The do's and don'ts of foot care if you have diabetes:

If you have diabetes, there are a lot of things you need to do to prevent the problems from developing in your foot:

  1. Wash your feet daily (use a mild soap and lukewarm water). Dry very carefully, especially between the toes. It often helps to use talcum powder to dust the foot to further reduce moisture, however be certain to remove all the powder after dusting, as it should not leave a residue between the toes. If the skin is dry, use a good emollient - BUT, not between the toes).
  2. Inspect your foot daily (check sores, cuts, bruises, changes to the toenails; use a mirror to look under the foot if you can not see it).
  3. Look after your health (loose weight; stop smoking; exercise; reduce your alcohol consumption)
  4. Look after your feet:
      • cut toenails straight across and never cut into the corners; use an emery board or file on sharp corners.
      • do not try to remove corns and callus yourself - see a Podiatrist for this; Never use commercial corn cures - this is so important in those with diabetes as it is so easy to damage the skin.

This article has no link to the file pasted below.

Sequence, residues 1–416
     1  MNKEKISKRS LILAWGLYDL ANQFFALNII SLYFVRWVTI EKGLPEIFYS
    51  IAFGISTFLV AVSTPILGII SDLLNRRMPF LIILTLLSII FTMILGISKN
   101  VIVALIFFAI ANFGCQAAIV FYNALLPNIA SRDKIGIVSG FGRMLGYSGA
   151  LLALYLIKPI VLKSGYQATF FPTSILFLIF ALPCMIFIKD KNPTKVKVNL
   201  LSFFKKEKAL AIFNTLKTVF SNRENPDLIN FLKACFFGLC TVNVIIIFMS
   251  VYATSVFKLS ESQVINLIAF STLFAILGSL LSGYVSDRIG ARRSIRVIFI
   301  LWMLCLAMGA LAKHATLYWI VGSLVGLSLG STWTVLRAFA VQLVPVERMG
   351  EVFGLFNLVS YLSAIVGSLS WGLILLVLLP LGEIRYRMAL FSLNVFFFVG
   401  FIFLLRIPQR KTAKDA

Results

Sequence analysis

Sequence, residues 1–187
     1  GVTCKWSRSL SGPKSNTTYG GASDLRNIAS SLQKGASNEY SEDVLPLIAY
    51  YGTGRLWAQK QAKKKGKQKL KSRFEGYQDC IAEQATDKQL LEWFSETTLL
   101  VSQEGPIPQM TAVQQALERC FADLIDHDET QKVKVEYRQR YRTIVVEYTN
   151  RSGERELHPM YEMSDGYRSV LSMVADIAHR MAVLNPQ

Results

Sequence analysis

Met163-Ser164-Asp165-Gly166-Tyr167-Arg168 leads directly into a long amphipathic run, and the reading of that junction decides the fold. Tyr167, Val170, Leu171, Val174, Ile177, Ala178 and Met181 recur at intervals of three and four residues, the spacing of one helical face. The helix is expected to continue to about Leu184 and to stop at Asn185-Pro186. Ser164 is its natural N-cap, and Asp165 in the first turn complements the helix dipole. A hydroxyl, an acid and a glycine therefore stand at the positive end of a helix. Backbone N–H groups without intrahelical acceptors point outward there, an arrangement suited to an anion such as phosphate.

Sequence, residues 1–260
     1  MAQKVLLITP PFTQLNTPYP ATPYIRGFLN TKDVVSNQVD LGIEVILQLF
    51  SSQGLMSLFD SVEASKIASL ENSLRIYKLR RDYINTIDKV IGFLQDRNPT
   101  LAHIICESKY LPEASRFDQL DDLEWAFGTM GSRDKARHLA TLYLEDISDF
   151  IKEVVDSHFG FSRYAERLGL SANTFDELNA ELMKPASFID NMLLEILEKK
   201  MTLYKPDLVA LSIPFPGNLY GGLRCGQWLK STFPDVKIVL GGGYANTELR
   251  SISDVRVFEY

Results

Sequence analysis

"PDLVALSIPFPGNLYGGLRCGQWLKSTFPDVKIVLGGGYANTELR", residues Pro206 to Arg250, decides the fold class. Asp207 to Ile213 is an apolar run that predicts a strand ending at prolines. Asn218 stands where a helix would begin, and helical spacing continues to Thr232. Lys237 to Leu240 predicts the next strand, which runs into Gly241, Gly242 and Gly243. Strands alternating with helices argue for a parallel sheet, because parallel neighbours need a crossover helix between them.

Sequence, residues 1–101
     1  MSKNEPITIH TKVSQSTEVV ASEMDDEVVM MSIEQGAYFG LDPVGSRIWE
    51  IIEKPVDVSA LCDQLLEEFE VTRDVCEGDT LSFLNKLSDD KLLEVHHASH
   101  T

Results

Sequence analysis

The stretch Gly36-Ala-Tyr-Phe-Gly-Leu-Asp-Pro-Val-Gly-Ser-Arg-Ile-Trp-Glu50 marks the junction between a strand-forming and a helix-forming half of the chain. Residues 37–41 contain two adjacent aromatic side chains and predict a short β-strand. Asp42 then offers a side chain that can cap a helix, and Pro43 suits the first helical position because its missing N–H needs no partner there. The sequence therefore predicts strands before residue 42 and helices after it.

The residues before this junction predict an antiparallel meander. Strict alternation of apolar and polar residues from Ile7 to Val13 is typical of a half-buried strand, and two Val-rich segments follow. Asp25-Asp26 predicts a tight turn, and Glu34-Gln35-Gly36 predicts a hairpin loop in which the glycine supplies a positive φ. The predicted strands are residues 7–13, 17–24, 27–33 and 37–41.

• avoid going barefoot, even in your own home (this lessens the chance of some accidental damage)
  5. Fitting of footwear is very important. Poorly fitted shoes are a common cause of problems in the foot of those with diabetes. Some advice:
      • get your feet measured each time you buy new shoes (foot size and shape change over time).
      • make sure the shoe fitter is experienced.
      • new shoes should be comfortable when purchased and should not need a "break-in" period.
      • they should fit both the length and width of the foot, with plenty of room for the toes.
      • avoid shoes with high heels, pointed toes or tight around the toes (these put too much pressure on parts of the foot and can contribute to ulcers)
  6. See a Podiatrist, at least annually.

Diabetic Therapeutic Shoe Program

The Podiatric profession and the American Diabetes Association are involved in a joint effort to lower the amputation rate in the diabetic population. To achieve this goal, diabetic patients at risk are being identified and educated about proper footwear and care of their feet. In May of 1993, Medicare established a preventative footwear program for patients with diabetes.

For any item to be covered by Medicare, beneficiaries must (1) be eligible for a defined Medicare benefit category, (2) be reasonable and necessary for the diagnosis or treatment of an illness or injury or to improve the functioning of a malformed body member, and (3) meet all other applicable Medicare statutory and regulatory requirements. Please check with your Primary Care Physician who is managing your systemic diabetic condition for eligibility and medical necessity.

Barry University Foot and Ankle Institutes provide a variety of diabetic shoe styles and colors. As well as a comprehensive diabetic patient education and shoe wear training. Please contact one of our clinics to make an appointment for additional information.